Regarding PPAs, the official Ubuntu package list is strangely small so if you’re like me and find yourself needing other software, even mainstream software like Docker, you’ll be faffing about with PPAs. So if you want to install Docker, instead of typing sudo apt install docker You instead have to type:

    # Add Docker's official GPG key: 
    sudo apt-get update 
    sudo apt-get install ca-certificates curl gnupg 
    sudo install -m 0755 -d /etc/apt/keyrings 
    curl -fsSL https://download.docker.com/linux/ubuntu/gpg | sudo gpg --dearmor -o /etc/apt/keyrings/docker.gpg 
    sudo chmod a+r /etc/apt/keyrings/docker.gpg 
    # Add the repository to Apt sources: 
    echo \ "deb [arch=$(dpkg --print-architecture) signed-by=/etc/apt/keyrings/docker.gpg] https://download.docker.com/linux/ubuntu \ $(. /etc/os-release && echo "$VERSION_CODENAME") stable" | \ sudo tee /etc/apt/sources.list.d/docker.list > /dev/null sudo apt-get update
    

    These are the official install instructions, by the way. This is intended behaviour. The end user shouldn’t have to deal with all this. This feels right out of the 90’s to me.

    Instead of PPAs, Arch has the Arch User Repository (AUR). Holy moly is the AUR way nicer to work with. Granted, we’re not quite comparing apples to apples here since the AUR (typically) builds packages from source, but bear with me. You install an AUR package manager like yay (which comes preinstalled on my flavour of Arch, EndeavourOS). yay can manage both your system and AUR packages. Installing a package (either official or AUR) looks like yay packageNameHere. That’s it. A full system upgrade like sudo apt update; sudo apt upgrade is a single command: yay -Syu, a bit cryptic but much shorter. The AUR is fantastic not just for the ease of use, but for sheer breadth of packages. If you find some random project on github there’s probably an AUR package for it too. Because it builds from source an AUR package is essentially just a fancy build script based on the project’s own build instructions, so they’re super easy to make, which means there’s a lot of them.

    You might argue ‘but building from source might fail! Packages are more reliable!’, which is somewhat true. Sometimes AUR builds can fail (very rarely in my experience), but so can PPAs. Because PPAs are often made to share one random package they can become out of date easily if their maintainer forgets or simply stops updating it. By contrast AUR packages can be marked out of date by users to notify the maintainer, and/or the maintainer role can be moved to someone else if they go silent. If a PPA goes silent there’s nothing you can do. Also, since an AUR package is just a fancy build script you can edit the build script yourself and get it working until the package gets an update, too. PPAs by comparison are just a black box - it’s broken until it gets updated.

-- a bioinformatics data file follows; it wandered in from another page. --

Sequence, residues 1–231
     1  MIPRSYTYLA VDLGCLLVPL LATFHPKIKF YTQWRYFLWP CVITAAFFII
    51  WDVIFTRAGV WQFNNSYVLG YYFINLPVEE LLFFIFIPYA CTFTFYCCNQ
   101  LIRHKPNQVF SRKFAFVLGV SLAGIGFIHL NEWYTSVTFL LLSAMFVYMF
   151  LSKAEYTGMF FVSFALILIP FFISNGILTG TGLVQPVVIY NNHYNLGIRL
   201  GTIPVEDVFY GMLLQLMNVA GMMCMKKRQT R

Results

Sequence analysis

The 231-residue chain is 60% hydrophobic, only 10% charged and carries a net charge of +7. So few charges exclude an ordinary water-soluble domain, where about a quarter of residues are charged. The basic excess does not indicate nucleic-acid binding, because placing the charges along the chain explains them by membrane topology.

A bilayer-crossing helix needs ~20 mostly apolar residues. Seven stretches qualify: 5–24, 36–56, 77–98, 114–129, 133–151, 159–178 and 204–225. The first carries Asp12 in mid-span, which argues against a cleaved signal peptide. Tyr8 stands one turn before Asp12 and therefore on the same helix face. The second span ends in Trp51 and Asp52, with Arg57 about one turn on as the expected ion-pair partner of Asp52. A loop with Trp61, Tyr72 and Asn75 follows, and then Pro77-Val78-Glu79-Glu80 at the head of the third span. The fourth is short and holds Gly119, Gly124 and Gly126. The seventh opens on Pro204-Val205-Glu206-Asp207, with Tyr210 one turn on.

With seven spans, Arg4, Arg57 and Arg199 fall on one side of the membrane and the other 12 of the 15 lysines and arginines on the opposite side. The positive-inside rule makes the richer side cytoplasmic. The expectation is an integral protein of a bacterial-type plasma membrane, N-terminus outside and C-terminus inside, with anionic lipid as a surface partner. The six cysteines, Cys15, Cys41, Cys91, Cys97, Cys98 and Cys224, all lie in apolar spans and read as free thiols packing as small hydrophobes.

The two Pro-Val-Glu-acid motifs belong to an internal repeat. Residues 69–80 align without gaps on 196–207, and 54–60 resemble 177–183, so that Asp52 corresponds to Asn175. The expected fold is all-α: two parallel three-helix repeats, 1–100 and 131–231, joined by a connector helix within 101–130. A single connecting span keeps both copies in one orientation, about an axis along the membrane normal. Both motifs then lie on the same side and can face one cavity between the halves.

Moral of the story? Don’t be afraid to just give something a go. Mint will always be waiting for you if you don’t like it.

  • Ulu-Mulu-no-die
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    123 months ago

    Distro Hopping seems to be such a big part of the “Linux experience.”

    It’s not, it’s just a way to find the distro that suits you best.

    If you’re already satisfied with what you have, there’s no reason to change and you’re not missing out on anything. If you’re ever curious about other distros, install Virtualbox and try them in a VM.

    I stopped distro hopping years ago when I started using Linux MX (Debian based), I’m so happy with it that I have no intention to change ever again.

    The only other distro I really like is LMDE (Mint based on Debian instead of Ubuntu), so I put that one on my laptop (MX on my gaming desktop).

  • @[email protected]
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    113 months ago

    The goal is for it to work. If it works, you’re doing it right. For some people, Mint isn’t enough. For many, it absolutely is.